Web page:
Cyberattack Shuts Down Colonial Pipeline, Threatens To Raise Gas Prices

Cyberattack Shuts Down Colonial Pipeline, Threatens To Raise Gas Prices

A cyber ransomware attack crippled the nation’s largest pipeline on the East Coast which now threatens to raise gas prices while exposing vulnerabilities in critical U.S. infrastructure.

Colonial Pipeline Co, which runs a 5,500-mile pipeline from Linden, N.J., to the Gulf Coast at Houston, Texas revealed in a press release Monday its four primary lines remain offline after corporate computer systems had been compromised.

“We are in the process of restoring service to other laterals and will bring our full system back online only when we believe it is safe to do so,” the company said, as smaller lateral lines begin to restart operations.

A prolonged shutdown of its four main lines however, which provide gasoline and jet fuel up and down the East Coast and across the South threatens to hike prices as suppliers are forced to pursue costly alternative routes. According to Reuters, the pipeline transports more than 2.5 million barrels of fuel daily, or 45 percent of all fuel consumed on the East Coast.

No significant immediate effects were felt as travel remains suppressed amid the coronavirus pandemic, though the longer the pipeline remains out of commission, the impact will grow. The company said its goal is to begin “substantially restoring operational service by the end of the week.”

The U.S. Department of Transportation issued an emergency declaration in response on Sunday, with regulations waived through June 8 to encourage carriers to ramp up alternative forms of fuel transport. The agency temporarily waived overtime and sleep restrictions on drivers who carry fuel between distributors and gas stations in 17 states across the South and East Coast and the District of Columbia. The U.S. is already struggling with a shortage of drivers as 20 to 25 percent of tanker trucks remain parked without qualified drivers, according to the National Tanker Truck Carriers Association.

Absent the pipeline, distributors will be forced to transport by rail, and the East Coast region could shift to European import, pumping prices higher from the foreign shipments as opposed to domestically produced energy.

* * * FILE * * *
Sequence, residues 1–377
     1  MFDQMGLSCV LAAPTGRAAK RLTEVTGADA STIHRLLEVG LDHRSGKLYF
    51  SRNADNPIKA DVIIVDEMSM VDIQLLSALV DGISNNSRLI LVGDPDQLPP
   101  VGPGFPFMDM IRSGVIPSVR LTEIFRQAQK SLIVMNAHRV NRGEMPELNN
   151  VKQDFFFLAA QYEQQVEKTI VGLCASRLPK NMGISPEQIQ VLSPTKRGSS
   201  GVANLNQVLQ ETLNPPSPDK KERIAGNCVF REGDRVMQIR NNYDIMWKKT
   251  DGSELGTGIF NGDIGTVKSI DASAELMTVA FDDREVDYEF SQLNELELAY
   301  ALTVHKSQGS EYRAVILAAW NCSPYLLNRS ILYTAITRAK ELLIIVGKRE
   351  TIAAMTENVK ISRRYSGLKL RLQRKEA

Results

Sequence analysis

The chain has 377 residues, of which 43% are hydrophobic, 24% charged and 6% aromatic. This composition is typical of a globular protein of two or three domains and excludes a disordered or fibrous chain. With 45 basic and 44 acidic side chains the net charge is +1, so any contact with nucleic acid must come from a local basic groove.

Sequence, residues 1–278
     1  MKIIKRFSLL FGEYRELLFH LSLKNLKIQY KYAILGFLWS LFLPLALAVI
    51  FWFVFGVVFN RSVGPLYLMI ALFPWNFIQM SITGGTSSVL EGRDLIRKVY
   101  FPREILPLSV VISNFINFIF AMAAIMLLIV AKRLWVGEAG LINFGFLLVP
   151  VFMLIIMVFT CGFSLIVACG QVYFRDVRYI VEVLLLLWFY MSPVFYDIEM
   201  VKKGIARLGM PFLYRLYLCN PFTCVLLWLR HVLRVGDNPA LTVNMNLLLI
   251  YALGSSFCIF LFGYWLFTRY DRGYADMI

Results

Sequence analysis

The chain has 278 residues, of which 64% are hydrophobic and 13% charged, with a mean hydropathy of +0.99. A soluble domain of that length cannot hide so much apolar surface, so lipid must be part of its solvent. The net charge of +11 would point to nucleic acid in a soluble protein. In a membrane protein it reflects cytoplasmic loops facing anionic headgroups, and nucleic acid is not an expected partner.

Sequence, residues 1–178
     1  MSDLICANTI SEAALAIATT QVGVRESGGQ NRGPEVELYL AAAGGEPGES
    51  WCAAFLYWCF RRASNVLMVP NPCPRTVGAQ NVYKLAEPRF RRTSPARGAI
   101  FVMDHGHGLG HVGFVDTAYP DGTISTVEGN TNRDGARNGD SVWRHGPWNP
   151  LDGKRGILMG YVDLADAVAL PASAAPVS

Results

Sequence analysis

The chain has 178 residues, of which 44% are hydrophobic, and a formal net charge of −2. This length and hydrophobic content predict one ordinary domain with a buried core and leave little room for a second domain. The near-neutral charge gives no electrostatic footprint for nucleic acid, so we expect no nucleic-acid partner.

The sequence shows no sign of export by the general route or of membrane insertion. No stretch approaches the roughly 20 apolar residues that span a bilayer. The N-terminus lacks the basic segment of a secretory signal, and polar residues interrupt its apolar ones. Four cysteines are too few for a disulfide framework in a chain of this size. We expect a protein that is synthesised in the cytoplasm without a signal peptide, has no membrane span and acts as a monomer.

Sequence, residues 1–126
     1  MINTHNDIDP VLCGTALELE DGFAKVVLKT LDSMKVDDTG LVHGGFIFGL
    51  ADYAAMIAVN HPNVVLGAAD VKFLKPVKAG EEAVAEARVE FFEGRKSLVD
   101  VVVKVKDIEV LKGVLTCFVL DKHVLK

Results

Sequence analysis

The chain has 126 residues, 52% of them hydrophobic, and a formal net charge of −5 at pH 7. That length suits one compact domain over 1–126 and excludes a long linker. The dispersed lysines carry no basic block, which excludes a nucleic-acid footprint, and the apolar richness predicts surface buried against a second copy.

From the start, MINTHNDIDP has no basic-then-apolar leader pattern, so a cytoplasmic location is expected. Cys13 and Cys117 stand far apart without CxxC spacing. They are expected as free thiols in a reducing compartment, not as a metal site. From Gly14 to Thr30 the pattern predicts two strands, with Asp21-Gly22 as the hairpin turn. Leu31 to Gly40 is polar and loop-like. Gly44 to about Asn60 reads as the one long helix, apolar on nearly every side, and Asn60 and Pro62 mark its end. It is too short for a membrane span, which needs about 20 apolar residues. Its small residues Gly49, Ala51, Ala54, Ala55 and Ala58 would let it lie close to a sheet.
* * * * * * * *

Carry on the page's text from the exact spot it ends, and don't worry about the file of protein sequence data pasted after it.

The nation’s largest U.S. refinery has already shut down two crude distillation units in Texas.

“It shows you how quickly this can have ramifications and ripple effects across markets,” Dustin Carmack, a research fellow in technology policy at the Heritage Foundation told The Federalist on the effects of the pipeline disruption.

Carmack said the incident highlights how pipelines are “fundamental” to American energy infrastructure with their ability to transport vast amounts of fuel across long distances for far cheaper than conventional avenues through trucks and trains which are also more prone to accidents and spills.

A Russian cybercrime gang called DarkSide claimed credit for the attack with a statement on its website, NBC News reported. The FBI said it “confirmed” the group was behind the ransom to sack the Colonial Pipeline network in a Monday statement.

“We continue to work with the company and our government partners on the investigation,” the law enforcement agency said.

The shutdown of the vital pipeline in use since the early 1960s increases anxiety over the vulnerabilities of an aging infrastructure connected to the internet as sophisticated cyberattacks soar in the digital age. There were more than 11 “significant” cyberattacks to target major global networks in April alone, according to the Center for Strategic and International Studies (CSIS) tracker of cyber incidents.

In December, then Secretary of State Mike Pompeo accused the Kremlin of orchestrating a wide-ranged monthslong cyberattack on corporate, non-profit, local, state, and federal agencies. The cyber intrusion was discovered by the private cybersecurity firm FireEye, the same firm hired by Colonial Pipeline to assist with the ransomware attack.

Jim Lewis who serves as the senior vice president and director of the Strategic Technologies Program at CSIS told The Federalist pipelines have been particular targets vulnerable for years, but that ransomware has presented a new challenge in cyberspace going from an “annoyance to a national security threat” within the last two.

While operators of Colonial Pipeline did right thing to turn off the lines and collaborate with the federal government Lewis said, to avoid spills or damage, the episode highlights a need for companies and agencies to better prepare for sophisticated ransomware attacks.

Tristan Justice is the western correspondent for The Federalist. Follow him on Twitter at @JusticeTristan or contact him at [email protected]
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